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|Title:||Enhancing Expression of Hydrophobic Peptides in E. coli Via Fusion to Novel Proteins|
|Advisors:||Hecht, Michael H|
|Department:||Chemical and Biological Engineering|
|Abstract:||Combinatorial design of libraries of novel proteins is an important method for exploring the sequence space un-tested by nature. Using this strategy, novel proteins that fold into four-helix bundles have been created and characterized. While some library members have been assigned functionality, this is not the case for many of the stable four-helix bundles identified. For example, although S824, a member of the Hecht lab’s second generation library, has been well-characterized as a stable and soluble protein and its four-helix bundle structure has been solved, no function of this protein has been elucidated. This study investigates the potential function of S824 as an expression-enhancing fusion partner for poorly expressed protein products in E. coli. Previously, it has been shown that linking natural proteins that are structurally stable and soluble to a poorly expressed product can greatly enhance the product’s recombinant expression. To determine the if synthetic proteins can also facilitate production in this manner, the ability of S824 to increase expression levels of two difficult-to-express peptides was studied. It was found that S824 allows for recombinant production of LS3, a synthetic membrane-associating peptide, and amyloid beta (1-42), the aggregation prone peptide that forms neurotoxic plaques in Alzheimer’s disease. Further, it was found that fusion to S824 enhances the expression of these peptides beyond levels achieved through expression as part of a construct with the natural protein small ubiquitin-like modifier. Additionally, after optimization of the cleavage of Aβ from S824 using TEV protease and subsequent purification of Aβ, it was determined that 22.7 mg of Aβ can be produced per liter of cell culture using this method, compared to 13 mg reportedly produced by fusion to SUMO. Thus, a more descriptive name for S824 is, in fact, de novo expression enhancing protein (DEEP). The success of DEEP indicates a new application of synthetic proteins to biotechnology.|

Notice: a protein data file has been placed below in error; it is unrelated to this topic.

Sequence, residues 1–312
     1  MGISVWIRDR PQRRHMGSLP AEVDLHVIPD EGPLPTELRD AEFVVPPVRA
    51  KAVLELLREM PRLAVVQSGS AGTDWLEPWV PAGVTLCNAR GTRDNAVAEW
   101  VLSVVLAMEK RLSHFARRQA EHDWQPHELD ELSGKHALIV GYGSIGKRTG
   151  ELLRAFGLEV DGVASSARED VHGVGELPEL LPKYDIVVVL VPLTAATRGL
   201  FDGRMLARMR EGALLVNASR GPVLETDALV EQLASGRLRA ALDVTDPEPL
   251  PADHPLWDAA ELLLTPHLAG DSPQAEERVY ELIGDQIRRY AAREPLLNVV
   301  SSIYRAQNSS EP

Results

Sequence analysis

|Type of Material:||Princeton University Senior Theses|
|Appears in Collections:||Chemical and Biological Engineering, 1931-2018|
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